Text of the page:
Primary Care Provider Practice Patterns and Barriers to Hepatocellular Carcinoma Surveillance

Okeefe L. Simmons, Yuan Feng, Neehar D. Parikh, Amit Singal

Research output: Contribution to journalArticle

6 Citations (Scopus)

Abstract

Background & Aims: Low rates of hepatocellular carcinoma (HCC) surveillance are primarily due to provider-related process failures. However, few studies have evaluated primary care provider (PCP) practice patterns, attitudes, and barriers to HCC surveillance at academic tertiary care referral centers. Methods: We conducted a web-based survey of PCPs at 2 tertiary care referral centers (133 providers) from June 2017 through December 2017. The survey was adapted from pretested surveys and included questions about practice patterns, attitudes, and barriers to HCC surveillance. We used the Fisher exact and Mann–Whitney rank-sum tests to identify factors associated with adherence to HCC surveillance recommendations, for categoric and continuous variables, respectively. Results: We obtained a provider-level response rate of 75% and clinic-level response rate of 100% (133 providers). Whereas most PCPs performed HCC surveillance themselves, one-third deferred surveillance to subspecialists and referred patients to a hepatology clinic. Providers believed the combination of ultrasound and α-fetoprotein analysis to be highly effective for early stage tumor detection and reported using the combination for assessment of most patients. However, PCPs were more likely to use computed tomography– or magnetic resonance imaging–based surveillance for patients with nonalcoholic steatohepatitis or decompensated cirrhosis. Most providers believed HCC surveillance to be efficacious for early tumor detection and increasing survival. However, they desired increased high-quality evidence to characterize screening benefits and harms. Providers expressed notable misconceptions about HCC surveillance, including the role for measurement of liver enzyme levels in HCC surveillance and cost effectiveness of surveillance in patients without cirrhosis. They also reported barriers, including not being up to date on HCC surveillance recommendations, limited time in the clinic, and competing clinical concerns. Conclusions: In a web-based survey, PCPs reported misconceptions and barriers to HCC surveillance. This indicates the need for interventions, including provider education, to improve HCC surveillance effectiveness in clinical practice.

Original languageEnglish (US)
Pages (from-to)766-773
Number of pages8
JournalClinical Gastroenterology and Hepatology
Volume17
Issue number4
DOIs
StatePublished - Mar 1 2019
Externally publishedYes

Fingerprint

Hepatocellular Carcinoma
Primary Health Care
Tertiary Care Centers
Fibrosis
Fetal Proteins
Gastroenterology
Nonparametric Statistics
Cost-Benefit Analysis
Neoplasms
Magnetic Resonance Spectroscopy
Tomography
Education
Survival
Surveys and Questionnaires
Liver
Enzymes

Keywords

  • Early Detection
  • Liver Cancer
  • NASH
  • Screening
  • Survey

ASJC Scopus subject areas

  • Hepatology
  • Gastroenterology

Cite this

Primary Care Provider Practice Patterns and Barriers to Hepatocellular Carcinoma Surveillance. / Simmons, Okeefe L.; Feng, Yuan; Parikh, Neehar D.; Singal, Amit.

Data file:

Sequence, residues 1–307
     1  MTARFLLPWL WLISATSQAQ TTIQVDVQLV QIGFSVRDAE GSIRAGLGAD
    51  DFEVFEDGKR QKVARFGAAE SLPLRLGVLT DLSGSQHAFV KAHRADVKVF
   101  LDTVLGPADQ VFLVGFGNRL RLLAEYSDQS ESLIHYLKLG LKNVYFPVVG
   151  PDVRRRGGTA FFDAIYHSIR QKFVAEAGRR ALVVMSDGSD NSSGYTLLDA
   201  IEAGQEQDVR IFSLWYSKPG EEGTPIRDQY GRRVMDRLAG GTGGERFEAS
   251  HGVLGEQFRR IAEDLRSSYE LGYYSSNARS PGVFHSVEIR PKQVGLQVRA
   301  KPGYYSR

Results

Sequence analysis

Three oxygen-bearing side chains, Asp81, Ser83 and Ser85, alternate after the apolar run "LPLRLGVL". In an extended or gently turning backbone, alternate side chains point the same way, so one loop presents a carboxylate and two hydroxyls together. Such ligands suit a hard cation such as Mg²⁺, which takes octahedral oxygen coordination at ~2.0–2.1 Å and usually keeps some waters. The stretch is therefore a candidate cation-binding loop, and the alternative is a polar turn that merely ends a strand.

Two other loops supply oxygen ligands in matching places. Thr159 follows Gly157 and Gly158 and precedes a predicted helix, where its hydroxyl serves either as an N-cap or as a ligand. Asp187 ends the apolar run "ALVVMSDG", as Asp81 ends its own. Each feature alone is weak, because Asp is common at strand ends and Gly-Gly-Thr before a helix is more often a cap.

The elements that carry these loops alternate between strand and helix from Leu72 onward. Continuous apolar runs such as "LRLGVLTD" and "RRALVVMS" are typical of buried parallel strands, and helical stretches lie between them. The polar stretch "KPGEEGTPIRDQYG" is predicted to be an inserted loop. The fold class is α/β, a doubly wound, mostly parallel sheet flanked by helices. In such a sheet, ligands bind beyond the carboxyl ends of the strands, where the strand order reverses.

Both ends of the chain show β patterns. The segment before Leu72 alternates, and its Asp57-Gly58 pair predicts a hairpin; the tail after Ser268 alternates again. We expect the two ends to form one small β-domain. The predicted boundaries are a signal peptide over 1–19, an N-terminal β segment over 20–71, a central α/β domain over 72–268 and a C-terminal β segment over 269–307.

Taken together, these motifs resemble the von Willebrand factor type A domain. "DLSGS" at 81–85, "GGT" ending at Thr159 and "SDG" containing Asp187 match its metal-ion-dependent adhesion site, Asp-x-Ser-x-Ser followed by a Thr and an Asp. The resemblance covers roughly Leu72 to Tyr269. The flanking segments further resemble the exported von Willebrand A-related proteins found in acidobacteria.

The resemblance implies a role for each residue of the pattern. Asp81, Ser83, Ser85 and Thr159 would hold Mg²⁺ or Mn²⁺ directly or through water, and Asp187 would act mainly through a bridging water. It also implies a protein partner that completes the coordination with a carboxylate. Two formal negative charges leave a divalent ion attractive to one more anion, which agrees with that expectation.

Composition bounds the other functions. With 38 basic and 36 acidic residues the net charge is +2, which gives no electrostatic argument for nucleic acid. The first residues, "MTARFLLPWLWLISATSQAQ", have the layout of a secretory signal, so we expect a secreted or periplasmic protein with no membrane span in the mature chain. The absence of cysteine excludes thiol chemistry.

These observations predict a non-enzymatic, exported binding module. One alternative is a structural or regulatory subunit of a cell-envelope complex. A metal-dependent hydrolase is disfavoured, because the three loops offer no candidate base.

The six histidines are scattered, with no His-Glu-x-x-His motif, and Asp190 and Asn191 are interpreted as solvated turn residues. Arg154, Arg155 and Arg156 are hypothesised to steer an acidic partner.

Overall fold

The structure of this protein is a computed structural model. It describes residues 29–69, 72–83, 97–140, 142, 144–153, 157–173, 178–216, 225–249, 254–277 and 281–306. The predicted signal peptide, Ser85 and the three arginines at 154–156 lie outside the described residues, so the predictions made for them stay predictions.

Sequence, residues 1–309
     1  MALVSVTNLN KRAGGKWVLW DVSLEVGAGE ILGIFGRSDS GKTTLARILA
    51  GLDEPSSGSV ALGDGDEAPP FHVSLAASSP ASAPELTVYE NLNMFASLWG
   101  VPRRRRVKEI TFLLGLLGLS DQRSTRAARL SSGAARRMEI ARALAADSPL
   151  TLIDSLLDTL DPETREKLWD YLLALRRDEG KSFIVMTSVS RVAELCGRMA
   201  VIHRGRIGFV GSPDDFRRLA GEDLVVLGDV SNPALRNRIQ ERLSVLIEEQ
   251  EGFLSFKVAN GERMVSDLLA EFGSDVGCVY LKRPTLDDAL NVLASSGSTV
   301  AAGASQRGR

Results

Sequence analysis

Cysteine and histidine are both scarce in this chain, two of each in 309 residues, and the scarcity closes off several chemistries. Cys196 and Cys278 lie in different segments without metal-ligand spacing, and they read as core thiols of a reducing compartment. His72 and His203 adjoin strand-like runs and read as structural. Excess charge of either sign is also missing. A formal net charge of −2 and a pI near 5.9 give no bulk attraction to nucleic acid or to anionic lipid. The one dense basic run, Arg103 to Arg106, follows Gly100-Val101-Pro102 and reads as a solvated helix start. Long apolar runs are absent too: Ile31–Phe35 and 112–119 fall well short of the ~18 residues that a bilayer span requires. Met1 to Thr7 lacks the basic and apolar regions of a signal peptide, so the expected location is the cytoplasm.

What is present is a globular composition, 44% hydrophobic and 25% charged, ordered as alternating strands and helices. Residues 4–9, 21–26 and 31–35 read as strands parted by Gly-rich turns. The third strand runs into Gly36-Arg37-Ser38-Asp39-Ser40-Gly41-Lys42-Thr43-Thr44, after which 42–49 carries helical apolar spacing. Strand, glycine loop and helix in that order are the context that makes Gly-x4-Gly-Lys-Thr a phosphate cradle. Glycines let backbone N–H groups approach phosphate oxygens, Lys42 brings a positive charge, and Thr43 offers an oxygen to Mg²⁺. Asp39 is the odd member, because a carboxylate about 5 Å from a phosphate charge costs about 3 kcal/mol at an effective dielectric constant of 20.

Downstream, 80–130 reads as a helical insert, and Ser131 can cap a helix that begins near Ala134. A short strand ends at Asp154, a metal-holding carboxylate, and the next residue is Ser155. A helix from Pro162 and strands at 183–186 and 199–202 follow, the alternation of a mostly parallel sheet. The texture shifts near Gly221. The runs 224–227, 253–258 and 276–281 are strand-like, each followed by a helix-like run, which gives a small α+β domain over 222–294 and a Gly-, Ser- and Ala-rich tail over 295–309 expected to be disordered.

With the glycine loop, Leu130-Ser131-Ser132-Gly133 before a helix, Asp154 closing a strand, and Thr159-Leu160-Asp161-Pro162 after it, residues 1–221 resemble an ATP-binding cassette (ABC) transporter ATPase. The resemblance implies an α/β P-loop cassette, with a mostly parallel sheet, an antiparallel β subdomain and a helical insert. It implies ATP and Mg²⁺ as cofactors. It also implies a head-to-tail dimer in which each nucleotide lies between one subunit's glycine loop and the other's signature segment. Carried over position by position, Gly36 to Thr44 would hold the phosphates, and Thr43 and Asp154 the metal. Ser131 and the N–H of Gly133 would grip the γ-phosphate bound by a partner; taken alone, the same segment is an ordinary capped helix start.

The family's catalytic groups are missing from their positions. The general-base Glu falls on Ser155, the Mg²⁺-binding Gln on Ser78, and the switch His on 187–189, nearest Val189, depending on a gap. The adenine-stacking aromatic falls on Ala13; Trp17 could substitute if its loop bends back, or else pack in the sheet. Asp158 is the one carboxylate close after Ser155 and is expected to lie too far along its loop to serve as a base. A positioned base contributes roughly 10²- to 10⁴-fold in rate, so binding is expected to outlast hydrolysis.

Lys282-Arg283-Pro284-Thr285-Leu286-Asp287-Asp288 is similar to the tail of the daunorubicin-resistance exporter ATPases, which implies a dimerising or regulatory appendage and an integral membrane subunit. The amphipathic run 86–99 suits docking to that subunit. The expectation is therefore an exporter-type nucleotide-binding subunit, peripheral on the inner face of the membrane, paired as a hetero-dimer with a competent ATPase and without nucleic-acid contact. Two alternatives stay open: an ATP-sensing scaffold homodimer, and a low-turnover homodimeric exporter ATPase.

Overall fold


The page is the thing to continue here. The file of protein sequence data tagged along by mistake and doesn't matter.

In: Clinical Gastroenterology and Hepatology, Vol. 17, No. 4, 01.03.2019, p. 766-773.

Research output: Contribution to journalArticle

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abstract = "Background & Aims: Low rates of hepatocellular carcinoma (HCC) surveillance are primarily due to provider-related process failures. However, few studies have evaluated primary care provider (PCP) practice patterns, attitudes, and barriers to HCC surveillance at academic tertiary care referral centers. Methods: We conducted a web-based survey of PCPs at 2 tertiary care referral centers (133 providers) from June 2017 through December 2017. The survey was adapted from pretested surveys and included questions about practice patterns, attitudes, and barriers to HCC surveillance. We used the Fisher exact and Mann–Whitney rank-sum tests to identify factors associated with adherence to HCC surveillance recommendations, for categoric and continuous variables, respectively. Results: We obtained a provider-level response rate of 75{\%} and clinic-level response rate of 100{\%} (133 providers). Whereas most PCPs performed HCC surveillance themselves, one-third deferred surveillance to subspecialists and referred patients to a hepatology clinic. Providers believed the combination of ultrasound and α-fetoprotein analysis to be highly effective for early stage tumor detection and reported using the combination for assessment of most patients. However, PCPs were more likely to use computed tomography– or magnetic resonance imaging–based surveillance for patients with nonalcoholic steatohepatitis or decompensated cirrhosis. Most providers believed HCC surveillance to be efficacious for early tumor detection and increasing survival. However, they desired increased high-quality evidence to characterize screening benefits and harms. Providers expressed notable misconceptions about HCC surveillance, including the role for measurement of liver enzyme levels in HCC surveillance and cost effectiveness of surveillance in patients without cirrhosis. They also reported barriers, including not being up to date on HCC surveillance recommendations, limited time in the clinic, and competing clinical concerns. Conclusions: In a web-based survey, PCPs reported misconceptions and barriers to HCC surveillance. This indicates the need for interventions, including provider education, to improve HCC surveillance effectiveness in clinical practice.",
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